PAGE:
Inflation, Savings and Investments

Most people think a market crash is the biggest danger to investors ...

Think again!

Nowhere on your bank or brokerage statement are you likely to get a report on what inflation is doing to the real value of your savings and investments.

So if your money is stowed in a "safe" investment, like a savings or money market account, you'll never see how inflation is gobbling up virtually all of your return!

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Inflation is the rise in price of goods and services.

We all know that things seem to cost more every day, but how many fully realize just how much that thief called inflation steals?

Even with relatively low inflation, you steadily lose buying power of any money you just hold on to!

To stay even, you must invest at rates of return that at least match inflation rates.

Your real rate of return, in terms of buying power of your money, is your savings or investments rate of return less the inflation rate.

If inflation is 4 percent per year and your return is 5 percent per year after taxes you have managed only a 1 percent gain in real buying power.

If your after-tax return is only 3 percent, you lose 1 percent in buying power.

Inflation occurs when demand increases relative to the supply available. During periods of economic growth moderate inflation is expected.

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However, hyperinflation which is inflation of 100% a year or more is a major concern as people lose confidence in the currency.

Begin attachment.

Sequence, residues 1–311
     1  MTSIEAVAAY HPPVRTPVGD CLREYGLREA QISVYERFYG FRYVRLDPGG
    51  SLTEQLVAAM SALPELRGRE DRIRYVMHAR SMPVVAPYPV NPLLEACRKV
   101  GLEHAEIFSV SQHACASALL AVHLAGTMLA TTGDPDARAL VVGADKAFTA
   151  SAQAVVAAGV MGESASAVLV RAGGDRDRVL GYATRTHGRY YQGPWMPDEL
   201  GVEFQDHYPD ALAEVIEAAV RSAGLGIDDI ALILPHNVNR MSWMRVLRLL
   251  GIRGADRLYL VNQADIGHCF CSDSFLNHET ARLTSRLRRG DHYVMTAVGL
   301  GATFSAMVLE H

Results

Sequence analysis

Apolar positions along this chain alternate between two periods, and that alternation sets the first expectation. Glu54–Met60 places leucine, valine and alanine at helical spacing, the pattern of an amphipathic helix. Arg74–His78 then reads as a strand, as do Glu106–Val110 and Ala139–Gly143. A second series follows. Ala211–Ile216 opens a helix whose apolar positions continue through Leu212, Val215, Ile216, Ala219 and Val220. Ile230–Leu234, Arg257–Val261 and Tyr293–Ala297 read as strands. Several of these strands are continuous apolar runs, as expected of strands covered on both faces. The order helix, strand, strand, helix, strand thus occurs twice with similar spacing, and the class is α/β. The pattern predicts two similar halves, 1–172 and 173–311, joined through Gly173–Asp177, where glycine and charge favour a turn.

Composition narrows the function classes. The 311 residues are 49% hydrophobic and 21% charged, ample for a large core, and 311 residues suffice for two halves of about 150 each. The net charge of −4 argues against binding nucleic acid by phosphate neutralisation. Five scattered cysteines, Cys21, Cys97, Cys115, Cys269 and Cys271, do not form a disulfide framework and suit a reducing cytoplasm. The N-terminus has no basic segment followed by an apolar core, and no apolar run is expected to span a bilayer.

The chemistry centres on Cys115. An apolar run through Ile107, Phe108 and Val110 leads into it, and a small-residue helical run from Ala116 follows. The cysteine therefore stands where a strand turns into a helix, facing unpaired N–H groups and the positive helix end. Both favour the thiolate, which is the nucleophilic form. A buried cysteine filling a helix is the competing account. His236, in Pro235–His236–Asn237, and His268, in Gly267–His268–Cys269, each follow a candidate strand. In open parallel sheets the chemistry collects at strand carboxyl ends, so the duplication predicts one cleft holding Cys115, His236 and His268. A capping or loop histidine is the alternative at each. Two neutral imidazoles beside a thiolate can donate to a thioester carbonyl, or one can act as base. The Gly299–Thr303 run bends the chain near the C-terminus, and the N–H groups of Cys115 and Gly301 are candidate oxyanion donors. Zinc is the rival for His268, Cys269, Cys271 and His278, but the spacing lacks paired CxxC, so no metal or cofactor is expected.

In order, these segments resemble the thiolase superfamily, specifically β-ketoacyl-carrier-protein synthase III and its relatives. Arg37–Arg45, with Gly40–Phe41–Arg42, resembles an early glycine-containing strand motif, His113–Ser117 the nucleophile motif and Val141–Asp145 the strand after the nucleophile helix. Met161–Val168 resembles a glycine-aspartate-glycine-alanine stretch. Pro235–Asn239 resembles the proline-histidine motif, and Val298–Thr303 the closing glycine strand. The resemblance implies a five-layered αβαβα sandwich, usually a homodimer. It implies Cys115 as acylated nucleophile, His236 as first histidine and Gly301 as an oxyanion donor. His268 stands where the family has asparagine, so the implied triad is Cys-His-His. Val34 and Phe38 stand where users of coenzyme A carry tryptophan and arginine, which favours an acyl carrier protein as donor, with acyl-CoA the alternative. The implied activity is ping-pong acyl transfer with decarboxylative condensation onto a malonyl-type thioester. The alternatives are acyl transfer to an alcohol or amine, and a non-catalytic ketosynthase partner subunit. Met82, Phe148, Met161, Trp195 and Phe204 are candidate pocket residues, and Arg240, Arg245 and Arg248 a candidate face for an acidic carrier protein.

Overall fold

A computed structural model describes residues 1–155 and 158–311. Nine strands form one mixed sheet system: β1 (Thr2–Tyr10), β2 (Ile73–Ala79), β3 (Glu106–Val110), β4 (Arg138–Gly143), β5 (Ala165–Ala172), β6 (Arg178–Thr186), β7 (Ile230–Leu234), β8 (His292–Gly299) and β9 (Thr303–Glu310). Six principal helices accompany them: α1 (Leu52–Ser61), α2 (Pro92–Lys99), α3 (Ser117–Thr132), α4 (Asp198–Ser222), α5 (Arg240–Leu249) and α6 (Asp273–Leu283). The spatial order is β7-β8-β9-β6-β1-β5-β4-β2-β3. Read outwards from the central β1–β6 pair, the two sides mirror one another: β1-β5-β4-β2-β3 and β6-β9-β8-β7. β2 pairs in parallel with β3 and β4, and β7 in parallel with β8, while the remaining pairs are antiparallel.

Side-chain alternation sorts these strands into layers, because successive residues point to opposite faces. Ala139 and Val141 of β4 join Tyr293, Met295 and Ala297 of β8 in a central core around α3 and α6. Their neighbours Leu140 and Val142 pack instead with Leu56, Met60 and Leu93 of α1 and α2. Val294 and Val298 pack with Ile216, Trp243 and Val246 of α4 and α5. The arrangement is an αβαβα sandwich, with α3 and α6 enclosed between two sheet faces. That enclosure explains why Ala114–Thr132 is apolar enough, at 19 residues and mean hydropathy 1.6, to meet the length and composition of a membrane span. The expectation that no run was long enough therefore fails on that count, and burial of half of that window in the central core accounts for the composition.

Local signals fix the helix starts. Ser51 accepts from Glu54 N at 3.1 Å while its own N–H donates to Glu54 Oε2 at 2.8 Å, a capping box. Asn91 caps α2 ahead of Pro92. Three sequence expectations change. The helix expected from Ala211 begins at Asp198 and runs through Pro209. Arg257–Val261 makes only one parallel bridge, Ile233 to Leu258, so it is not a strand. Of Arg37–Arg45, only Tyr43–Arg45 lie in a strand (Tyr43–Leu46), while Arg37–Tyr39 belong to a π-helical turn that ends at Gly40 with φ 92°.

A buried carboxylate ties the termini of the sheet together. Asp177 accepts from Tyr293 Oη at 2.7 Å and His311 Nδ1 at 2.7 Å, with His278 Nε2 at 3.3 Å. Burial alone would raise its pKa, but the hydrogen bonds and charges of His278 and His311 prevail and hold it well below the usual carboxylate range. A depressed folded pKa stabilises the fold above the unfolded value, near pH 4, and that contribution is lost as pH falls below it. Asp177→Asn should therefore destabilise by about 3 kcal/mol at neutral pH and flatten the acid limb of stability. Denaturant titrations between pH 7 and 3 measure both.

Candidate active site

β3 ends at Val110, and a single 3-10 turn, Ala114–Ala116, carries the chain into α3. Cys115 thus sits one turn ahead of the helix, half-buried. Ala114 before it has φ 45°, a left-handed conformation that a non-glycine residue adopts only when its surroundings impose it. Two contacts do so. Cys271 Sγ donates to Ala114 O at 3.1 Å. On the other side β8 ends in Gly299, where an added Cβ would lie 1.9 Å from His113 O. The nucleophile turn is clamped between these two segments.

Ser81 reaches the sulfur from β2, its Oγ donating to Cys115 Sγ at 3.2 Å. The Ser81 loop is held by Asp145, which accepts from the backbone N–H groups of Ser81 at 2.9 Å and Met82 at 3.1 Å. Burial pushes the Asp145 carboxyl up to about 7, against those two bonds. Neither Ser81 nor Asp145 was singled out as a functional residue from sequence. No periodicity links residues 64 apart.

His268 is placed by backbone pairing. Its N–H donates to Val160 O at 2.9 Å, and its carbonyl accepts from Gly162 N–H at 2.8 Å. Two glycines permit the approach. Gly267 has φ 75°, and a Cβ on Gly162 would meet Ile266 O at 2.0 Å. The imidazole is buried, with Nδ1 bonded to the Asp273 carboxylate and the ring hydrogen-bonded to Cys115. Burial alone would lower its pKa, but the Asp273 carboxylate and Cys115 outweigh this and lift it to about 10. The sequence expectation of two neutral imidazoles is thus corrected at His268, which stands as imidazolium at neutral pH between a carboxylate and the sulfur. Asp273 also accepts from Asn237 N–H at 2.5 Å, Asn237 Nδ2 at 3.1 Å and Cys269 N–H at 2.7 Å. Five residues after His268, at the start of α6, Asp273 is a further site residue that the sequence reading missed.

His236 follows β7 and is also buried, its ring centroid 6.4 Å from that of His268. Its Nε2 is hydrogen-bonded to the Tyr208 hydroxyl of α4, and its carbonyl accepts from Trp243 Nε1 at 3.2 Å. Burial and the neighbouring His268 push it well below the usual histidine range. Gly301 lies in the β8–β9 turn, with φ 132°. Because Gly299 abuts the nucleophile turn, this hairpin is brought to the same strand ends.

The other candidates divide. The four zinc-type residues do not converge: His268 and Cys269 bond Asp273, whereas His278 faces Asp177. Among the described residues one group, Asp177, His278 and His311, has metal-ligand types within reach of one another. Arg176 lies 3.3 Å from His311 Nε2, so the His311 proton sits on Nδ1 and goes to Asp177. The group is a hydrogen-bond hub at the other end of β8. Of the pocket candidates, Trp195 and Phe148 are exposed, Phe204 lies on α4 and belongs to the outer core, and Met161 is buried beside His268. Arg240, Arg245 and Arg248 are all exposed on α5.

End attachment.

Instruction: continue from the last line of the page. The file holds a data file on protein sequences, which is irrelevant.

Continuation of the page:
During hyperinflation hard assets like gold and real estate rise as they usually retain their value in inflationary times.

Cost-Push Inflation:

Is inflation caused by rising prices of raw materials. When demand exceeds the supply of raw materials manufacturers pay higher prices.

The manufacturers then charge merchants more for their finished products. The merchants then raise the prices they charge consumers.

Demand-Pull Inflation:

Occurs when supply is not adequate to meet demand. This causes higher finished goods prices that merchants must pay leading to higher consumer prices.

Deflation:

Is a decline in the prices of goods and services. Deflation is the opposite of inflation. When prices are falling due to deflation, economic activity is negatively effected as the price weakness is usually due to very weak demand factors.

Deflation is a significant aspect of economic depression as economic recession is accompanied by declining prices and a shrinking economy.

Stagflation:

Is the term used to describe an economy that is growing very slowly accompanied by high inflation. Usually when the economy is growing slowly the inflation level is low.

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How The Central Bank controls inflation?

The Central Bank attempts to control inflation by adjusting the cost of money to member banks by raising or lowering interest rates.

Low Interest Rates

Low interest rates tend to stimulate economic growth as the cost of money is less and leads to increased borrowing which encourages additional economic activity.

High Interest Rates

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High interest rates tend to depress economic growth as the high cost of money limits economic activity.

During periods of low inflation the Central Bank allows interest rates to remain low and monitors economic activity to keep growth at a sustainable but non-inflationary pace.

During periods of rapid economic expansion and high inflation the Central Bank raises interest rates to slow the pace of economic activity and limit inflationary pressures.

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